MALNUTRITION doesn't sound like a problem that affects the UK.
At least, that's what 85 per cent of Brits think, according to new research.
But a staggering three million people are malnourished or at risk, according to Danone UK & Ireland.
Despite this, a study commissioned by the brand revealed that half of the public can't spot the symptoms of the condition and a third wouldn't know where to seek help if they were affected.
If left unchecked, malnutrition risks becoming a ticking time-bomb for the health of the nation – and it could also put Brits at risk of diseases that have rarely been seen since the Victorian era.
Malnutrition refers to when your body doesn’t get enough of the right nutrients, often because of existing diseases or illnesses.
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But social and economic factors can also put you at risk of the deadly condition – the cost of living crisis raving the UK and persistently high food prices has made it hard for many to access nutritious ingredients such as fruit and veg.
According to Danone, the hidden epidemic of malnutrition is heavily misunderstood, as 62 per cent of the 2,000 people polled weren't able to define it.
More than half (54 per cent) incorrectly thought fainting and seizures were key indicators of someone suffering from malnutrition, while 40 and 34 per cent respectively thought abdominal cramps and jaundice were signs.
In reality, key symptoms can include unintentional weight loss, loose fitting clothing or feeling weak.
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Older people are particularly vulnerable and already over a million Brits over-65s are estimated to be malnourished – figures could be higher as screening for it is low.
But most people (95 per cent) in the age group who were polled said they weren't worried it might happen to them.
Worryingly, the research found people over 66 are more likely to lose interest in eating healthy, nutritious meals, while half this age group admitted they don't eat as much fresh fruit and vegetables.
One in 10 said their diet has become less healthy in the past year, with over a quarter reporting this had left them more vulnerable to illness, creating or exacerbating existing health problems.
A rise in malnutrition and lack of access to fresh ingredients seem to be fuelling Victorian-era scurvy and rickets.
Both illnesses disappeared from Britain in the 1950s, when the country embarked on mass programmes to fortify common foods with key vitamins, but cost of living pressures are believed to be driving a new surge in cases.
Danone's study found that a fifth of those over 65 were skipping at least one meal a day.
And a further 19 per cent of respondents said they were trying to save money on food.
If not identified early, malnutrition can lead to disease complications, prolonged hospital stays and can have long-term health effects.
But a third of those polled thought that simply making someone malnourished eat more would be a quick fix – in fact, treatment is much more complex.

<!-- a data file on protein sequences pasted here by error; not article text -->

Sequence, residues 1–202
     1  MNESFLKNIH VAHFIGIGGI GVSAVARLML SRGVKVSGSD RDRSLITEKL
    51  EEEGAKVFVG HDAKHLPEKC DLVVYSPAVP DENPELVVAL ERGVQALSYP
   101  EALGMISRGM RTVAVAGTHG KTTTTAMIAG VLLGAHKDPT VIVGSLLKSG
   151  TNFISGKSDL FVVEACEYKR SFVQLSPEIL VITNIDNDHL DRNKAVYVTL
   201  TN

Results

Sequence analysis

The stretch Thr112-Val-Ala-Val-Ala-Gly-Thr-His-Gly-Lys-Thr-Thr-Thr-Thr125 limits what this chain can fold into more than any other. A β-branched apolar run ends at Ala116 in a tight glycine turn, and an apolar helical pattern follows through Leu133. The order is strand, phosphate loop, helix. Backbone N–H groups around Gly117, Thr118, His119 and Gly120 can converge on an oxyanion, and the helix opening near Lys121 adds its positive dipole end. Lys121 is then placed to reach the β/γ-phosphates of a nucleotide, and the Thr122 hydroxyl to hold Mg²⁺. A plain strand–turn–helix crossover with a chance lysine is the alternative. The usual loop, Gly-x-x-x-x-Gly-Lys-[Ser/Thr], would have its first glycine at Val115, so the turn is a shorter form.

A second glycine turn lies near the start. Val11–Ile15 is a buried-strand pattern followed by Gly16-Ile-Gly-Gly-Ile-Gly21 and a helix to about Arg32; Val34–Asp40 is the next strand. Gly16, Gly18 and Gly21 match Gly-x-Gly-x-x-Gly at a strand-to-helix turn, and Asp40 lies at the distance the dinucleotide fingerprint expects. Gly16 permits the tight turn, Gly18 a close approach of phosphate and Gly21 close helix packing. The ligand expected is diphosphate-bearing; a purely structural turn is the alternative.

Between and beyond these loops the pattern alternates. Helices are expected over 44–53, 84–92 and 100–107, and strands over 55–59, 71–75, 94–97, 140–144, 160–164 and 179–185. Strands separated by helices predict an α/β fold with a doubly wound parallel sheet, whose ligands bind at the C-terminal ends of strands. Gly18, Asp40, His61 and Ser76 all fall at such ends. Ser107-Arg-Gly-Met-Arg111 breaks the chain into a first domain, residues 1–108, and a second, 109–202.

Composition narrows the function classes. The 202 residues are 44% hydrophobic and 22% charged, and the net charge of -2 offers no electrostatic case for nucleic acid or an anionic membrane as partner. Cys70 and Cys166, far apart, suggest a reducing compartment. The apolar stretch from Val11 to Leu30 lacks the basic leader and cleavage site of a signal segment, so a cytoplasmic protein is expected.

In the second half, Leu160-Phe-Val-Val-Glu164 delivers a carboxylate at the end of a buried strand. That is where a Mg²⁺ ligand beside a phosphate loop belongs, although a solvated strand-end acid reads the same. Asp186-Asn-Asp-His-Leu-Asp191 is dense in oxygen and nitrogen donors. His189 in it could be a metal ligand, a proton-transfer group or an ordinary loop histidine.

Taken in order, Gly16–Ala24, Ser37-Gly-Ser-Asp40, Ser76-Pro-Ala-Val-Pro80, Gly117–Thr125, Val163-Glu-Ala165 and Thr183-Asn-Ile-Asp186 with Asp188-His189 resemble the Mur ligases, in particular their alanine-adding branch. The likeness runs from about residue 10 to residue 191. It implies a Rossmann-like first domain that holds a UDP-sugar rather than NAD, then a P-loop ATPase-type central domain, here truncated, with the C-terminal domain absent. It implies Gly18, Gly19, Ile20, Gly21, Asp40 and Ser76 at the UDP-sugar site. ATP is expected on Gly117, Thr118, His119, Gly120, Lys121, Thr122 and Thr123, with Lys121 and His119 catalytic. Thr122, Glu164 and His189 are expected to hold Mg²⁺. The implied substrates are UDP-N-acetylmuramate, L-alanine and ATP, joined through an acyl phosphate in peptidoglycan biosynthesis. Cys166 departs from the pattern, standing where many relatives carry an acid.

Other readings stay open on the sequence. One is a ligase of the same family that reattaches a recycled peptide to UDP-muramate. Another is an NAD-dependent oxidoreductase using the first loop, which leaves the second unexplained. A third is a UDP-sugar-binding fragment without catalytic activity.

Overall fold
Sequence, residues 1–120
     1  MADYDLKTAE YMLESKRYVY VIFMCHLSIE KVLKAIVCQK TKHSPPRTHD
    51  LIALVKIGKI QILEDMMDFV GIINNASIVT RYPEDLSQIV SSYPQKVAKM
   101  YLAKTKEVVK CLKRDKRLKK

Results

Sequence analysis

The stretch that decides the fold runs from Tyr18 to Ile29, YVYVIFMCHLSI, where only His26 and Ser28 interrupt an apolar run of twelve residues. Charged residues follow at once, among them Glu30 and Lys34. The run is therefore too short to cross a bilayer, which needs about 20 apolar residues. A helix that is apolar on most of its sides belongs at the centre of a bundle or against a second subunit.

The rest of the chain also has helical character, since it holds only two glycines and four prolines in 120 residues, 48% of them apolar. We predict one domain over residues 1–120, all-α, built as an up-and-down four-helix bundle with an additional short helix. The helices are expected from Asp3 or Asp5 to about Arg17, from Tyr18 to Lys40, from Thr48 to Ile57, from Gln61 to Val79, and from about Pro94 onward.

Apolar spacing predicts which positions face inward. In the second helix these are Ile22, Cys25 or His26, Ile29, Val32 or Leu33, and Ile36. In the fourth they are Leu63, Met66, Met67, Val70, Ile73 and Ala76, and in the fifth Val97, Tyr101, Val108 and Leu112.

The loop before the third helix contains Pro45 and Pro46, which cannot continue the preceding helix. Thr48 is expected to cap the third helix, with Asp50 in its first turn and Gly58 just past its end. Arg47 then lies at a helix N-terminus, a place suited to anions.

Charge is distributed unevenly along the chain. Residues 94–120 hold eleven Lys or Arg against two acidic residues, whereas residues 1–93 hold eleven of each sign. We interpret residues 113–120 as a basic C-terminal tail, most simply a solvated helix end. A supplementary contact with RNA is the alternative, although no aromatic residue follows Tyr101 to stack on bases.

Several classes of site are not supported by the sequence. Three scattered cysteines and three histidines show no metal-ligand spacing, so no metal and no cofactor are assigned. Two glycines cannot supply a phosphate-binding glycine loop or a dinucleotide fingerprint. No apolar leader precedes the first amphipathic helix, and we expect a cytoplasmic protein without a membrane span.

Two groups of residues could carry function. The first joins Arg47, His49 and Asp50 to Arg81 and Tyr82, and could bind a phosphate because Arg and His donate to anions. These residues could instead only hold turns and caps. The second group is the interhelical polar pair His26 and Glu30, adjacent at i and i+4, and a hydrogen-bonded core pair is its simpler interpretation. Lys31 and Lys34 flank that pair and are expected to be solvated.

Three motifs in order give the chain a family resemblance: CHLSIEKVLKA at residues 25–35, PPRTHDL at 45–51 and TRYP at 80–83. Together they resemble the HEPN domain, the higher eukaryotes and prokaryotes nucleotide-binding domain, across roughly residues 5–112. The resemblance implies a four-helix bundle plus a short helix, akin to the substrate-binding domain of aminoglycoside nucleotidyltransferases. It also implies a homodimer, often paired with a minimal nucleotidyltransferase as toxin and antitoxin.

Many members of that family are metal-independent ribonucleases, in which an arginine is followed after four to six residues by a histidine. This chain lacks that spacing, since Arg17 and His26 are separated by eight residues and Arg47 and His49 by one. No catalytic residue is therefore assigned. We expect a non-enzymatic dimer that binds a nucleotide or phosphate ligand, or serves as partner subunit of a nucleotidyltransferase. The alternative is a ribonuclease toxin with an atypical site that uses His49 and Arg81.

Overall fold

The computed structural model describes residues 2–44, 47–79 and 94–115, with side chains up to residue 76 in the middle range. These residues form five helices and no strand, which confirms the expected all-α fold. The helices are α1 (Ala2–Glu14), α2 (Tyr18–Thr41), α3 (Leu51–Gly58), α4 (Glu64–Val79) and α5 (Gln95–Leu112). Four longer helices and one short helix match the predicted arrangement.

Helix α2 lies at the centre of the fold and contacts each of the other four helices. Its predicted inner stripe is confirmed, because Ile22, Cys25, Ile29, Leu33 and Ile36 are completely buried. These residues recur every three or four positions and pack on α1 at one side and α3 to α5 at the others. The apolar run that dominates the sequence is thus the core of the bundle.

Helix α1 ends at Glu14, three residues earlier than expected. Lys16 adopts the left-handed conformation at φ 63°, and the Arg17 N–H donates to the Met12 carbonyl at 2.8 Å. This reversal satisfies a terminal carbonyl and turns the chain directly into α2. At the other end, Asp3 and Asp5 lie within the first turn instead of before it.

Recent data suggests that cases of deadly malnutrition have doubled over the last decade and quadrupled since 2007/8.
From 2022 to April 2023, almost 11,000 Brits – a third of which were children – were hospitalised.
The data also revealed 171 people were treated for scurvy and 482 patients were admitted with rickets, 405 of them kids.
Commenting on Danone's findings, GP and TV medic Dr Amir Khan said that while malnutrition is "not an easy condition to spot, early detection is key and will reduce the chances of further deterioration and hospital admission".
He went on: "So, if you have a loved one you’re concerned about who may be growing more frail, or has had a dramatic change in eating habits or difficulty swallowing, then make sure you speak to a health professional or carer, particularly if they have a pre-existing condition.”
What is scurvy?
Scurvy is caused by not having enough vitamin C – mainly found in fruit and veg – for at least 3 months Vitamin C is mainly found in fruit and vegetables.
It's know as the disease of pirates and sailors, as those at sea too long would run out of the citrus fruits that stave off the condition.
While very treatable with some fresh fruit and veg, it can become deadly if left for too long.
According to the NHS, symptoms of the condition include feeling very tired, weak, irritable, sad, suffering from severe joint page, swollen and bleeding gums, and having skin that bruises easily.
What is rickets?
Rickets affects bone development in children, causing bone pain, poor growth and bone deformities.
Adults can experience a similar condition, which is known as osteomalacia or soft bones.
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It's usually caused by poor diet and a lack of exposure to sunlight.
A lack of vitamin D and calcium is the most common cause.
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